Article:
Political Rights: 7
Civil Liberties: 6
Status: Not Free
A series of suicide bombings and subsequent violent clashes in March and April and again in July 2004 underscored the tenuous nature of Uzbekistan's political stability, even as the government continued its repressive policies against perceived opponents of the regime. The authorities responded to the attacks with a wave of arrests and convictions, targeting suspected members of banned Islamic groups. Repression against media outlets and foreign-based nongovernmental organizations (NGOs) working in Uzbekistan intensified during the year, partly in an effort to stifle dissent in advance of the December parliamentary elections. Meanwhile, the European Bank for Reconstruction and Development (EBRD) and the U.S. government cut financial assistance to the Uzbek government as a result of the regime's failure to implement meaningful political and human rights reforms.
Located along the ancient trade route of the famous Silk Road, Uzbekistan was incorporated into Russia by the late 1800s. The Uzbekistan Soviet Socialist Republic was established in 1924, and its eastern region was detached and made the separate Tajik Soviet Socialist Republic five years later.
On December 29, 1991, more than 98 percent of the country's electorate approved a popular referendum on Uzbekistan's independence. In a parallel vote, Islam Karimov, former Communist Party leader and chairman of the People's Democratic Party (PDP), the successor to the Communist Party, was elected president with a reported 88 percent of the vote. The only independent candidate to challenge him, Erk (Freedom) Party leader Mohammed Solih, charged election fraud. Solih fled the country two years later, and his party was forced underground. The opposition group Birlik (Unity) was barred from contesting the election and was later refused legal registration as a political party, and the Islamic Renaissance Party (IRP) and other religious-based groups were banned entirely. Only pro-government parties were allowed to compete in elections to the first post-Soviet legislature in December 1994 and January 1995. A February 1995 national referendum to extend Karimov's first five-year term in office until the year 2000 was allegedly approved by 99 percent of the country's voters.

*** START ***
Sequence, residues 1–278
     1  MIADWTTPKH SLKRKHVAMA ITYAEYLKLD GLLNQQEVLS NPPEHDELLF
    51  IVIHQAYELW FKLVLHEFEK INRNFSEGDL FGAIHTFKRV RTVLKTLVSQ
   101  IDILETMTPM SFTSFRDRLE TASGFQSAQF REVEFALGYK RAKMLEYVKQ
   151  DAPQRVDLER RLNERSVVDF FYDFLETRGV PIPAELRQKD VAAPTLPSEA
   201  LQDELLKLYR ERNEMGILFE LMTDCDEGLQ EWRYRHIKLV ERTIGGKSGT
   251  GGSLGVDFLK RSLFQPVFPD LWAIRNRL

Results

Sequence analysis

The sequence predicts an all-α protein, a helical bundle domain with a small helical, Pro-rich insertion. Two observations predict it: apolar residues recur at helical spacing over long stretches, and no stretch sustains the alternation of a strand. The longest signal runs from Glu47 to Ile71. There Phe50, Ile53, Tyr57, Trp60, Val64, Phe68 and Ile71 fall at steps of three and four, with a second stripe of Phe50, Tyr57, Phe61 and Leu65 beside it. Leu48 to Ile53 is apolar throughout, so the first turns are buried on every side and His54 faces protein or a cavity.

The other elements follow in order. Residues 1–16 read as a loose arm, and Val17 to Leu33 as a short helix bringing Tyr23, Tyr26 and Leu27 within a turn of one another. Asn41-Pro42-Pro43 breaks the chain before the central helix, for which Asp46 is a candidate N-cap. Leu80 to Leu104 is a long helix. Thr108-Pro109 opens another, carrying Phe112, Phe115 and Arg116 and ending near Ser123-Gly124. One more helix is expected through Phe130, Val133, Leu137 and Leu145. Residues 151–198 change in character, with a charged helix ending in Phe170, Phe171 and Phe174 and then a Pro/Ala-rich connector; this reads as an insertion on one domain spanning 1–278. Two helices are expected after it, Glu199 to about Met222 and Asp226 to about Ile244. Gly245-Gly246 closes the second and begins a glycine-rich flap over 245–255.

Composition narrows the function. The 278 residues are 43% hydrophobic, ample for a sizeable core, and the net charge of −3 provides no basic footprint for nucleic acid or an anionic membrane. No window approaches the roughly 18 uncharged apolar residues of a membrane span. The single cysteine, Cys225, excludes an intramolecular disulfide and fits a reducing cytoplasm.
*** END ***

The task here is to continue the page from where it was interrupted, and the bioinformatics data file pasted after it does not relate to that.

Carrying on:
The government's repression of members of the political opposition and of Muslims not affiliated with state-sanctioned religious institutions intensified following a series of deadly bombings in Tashkent in February 1999. The authorities blamed the attacks, which they described as an assassination attempt against Karimov, on the Islamic Movement of Uzbekistan (IMU), an armed group seeking the overthrow of Uzbekistan's secular government and its replacement with an Islamic state. The state justified its increasing crackdowns on moderate secular and religious groups under the pretext of fighting violent Islamist organizations, including the IMU.
Of the five parties that competed in the December 1999 parliamentary election, which was strongly criticized by international election observers, all supported the president and differed little in their political platforms. In the January 2000 presidential poll, Karimov defeated his only opponent, Marxist history professor Abdulhasiz Dzhalalov, with 92 percent of the vote.
The government refused to register genuinely independent opposition parties or permit their members to stand as candidates. Meanwhile, in August 2000, the IMU engaged in armed clashes with government troops; the following month, the U.S. government placed the IMU on its list of international terrorist organizations for its ties to Osama bin Laden's terrorist network, al-Qaeda, and to the Taliban. As part of its declared effort to prevent renewed invasions by the IMU, Uzbekistan subsequently placed land mines along portions of its borders with Kyrgyzstan and Tajikistan, leading to protests by both governments and reports of accidental deaths of civilians in the region.